The development and the possible mechanism of the chitosan-induced resistance to viral infection were investigated in potato plants. The plants were sprayed with a solution of chitosans (1 mg/ml) with the mol wt of 3, 36, and 120 kD. After 1, 2, 3, or 4 days, the treated leaves were cut off and mechanically infected with the potato virus X (PVX). The disks cut out from the inoculated leaves were used for determining virus accumulation, callose content, and ribonuclease and β-1,3-glucanase activities. In another set of experiments, the plants were infected with PVX within 1, 4, or 8 days after chitosan treatment, and the number of systemically infected plants was determined. It was found that, a day after treatment, the plants acquired a resistance to viral infection. The disks from the chitosan-treated leaves, as compared to the control, accumulated less amount of virus. The chitosan treatment also significantly decreased the number of systemically infected plants as compared to the control. After 2–3 days, the resistance disappeared or even gave way to an increased susceptibility to the infection; subsequently, the resistance increased again. The extent of the resistance correlated with the callose content and the level of ribonuclease activity observed on the infection day. The resistance towards the infection with PVX is probably mediated by the callose and ribonuclease induction. The cultivation of test-tube potato plants from the cuttings previously infected with PVX on the chitosan-containing nutrient medium did not eradicate the viral infection from the plants.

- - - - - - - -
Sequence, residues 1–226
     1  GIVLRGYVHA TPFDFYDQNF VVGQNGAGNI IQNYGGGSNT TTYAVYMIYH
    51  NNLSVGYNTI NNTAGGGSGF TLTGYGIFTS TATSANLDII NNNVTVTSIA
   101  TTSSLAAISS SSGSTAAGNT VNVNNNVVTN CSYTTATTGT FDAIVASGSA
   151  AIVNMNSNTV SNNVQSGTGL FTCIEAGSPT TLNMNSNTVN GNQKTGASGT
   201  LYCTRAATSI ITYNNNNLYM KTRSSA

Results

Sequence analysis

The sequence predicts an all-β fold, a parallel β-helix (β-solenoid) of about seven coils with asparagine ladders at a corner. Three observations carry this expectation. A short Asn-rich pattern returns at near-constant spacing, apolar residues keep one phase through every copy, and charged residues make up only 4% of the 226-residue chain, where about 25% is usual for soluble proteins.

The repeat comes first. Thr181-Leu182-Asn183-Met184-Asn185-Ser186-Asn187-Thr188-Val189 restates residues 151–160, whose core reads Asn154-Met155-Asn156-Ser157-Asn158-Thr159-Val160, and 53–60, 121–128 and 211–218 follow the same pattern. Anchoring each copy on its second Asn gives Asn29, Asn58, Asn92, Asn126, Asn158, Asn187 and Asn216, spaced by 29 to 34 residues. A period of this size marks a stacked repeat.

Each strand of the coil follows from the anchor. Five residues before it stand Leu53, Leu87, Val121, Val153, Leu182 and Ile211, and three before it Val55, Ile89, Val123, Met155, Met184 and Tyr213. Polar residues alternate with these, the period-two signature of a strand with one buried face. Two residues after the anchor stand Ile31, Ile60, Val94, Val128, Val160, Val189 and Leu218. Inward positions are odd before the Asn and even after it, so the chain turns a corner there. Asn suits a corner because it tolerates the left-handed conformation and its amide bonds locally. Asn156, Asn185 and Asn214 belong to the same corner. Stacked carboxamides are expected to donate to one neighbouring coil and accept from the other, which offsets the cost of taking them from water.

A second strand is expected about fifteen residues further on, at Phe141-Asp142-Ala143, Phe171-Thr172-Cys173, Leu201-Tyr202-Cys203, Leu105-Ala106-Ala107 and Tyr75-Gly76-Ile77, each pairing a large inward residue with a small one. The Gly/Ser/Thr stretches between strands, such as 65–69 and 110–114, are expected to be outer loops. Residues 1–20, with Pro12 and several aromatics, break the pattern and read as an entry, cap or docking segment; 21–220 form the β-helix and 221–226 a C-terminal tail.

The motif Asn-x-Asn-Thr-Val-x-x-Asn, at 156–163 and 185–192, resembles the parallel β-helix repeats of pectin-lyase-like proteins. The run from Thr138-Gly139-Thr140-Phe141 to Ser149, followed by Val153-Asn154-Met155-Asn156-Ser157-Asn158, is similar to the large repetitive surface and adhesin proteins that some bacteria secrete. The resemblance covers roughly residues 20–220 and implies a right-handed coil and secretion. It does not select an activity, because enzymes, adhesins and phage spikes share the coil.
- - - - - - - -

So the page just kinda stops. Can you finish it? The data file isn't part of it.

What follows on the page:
Russian Journal of Plant Physiology – Springer Journals
Published: Oct 10, 2004
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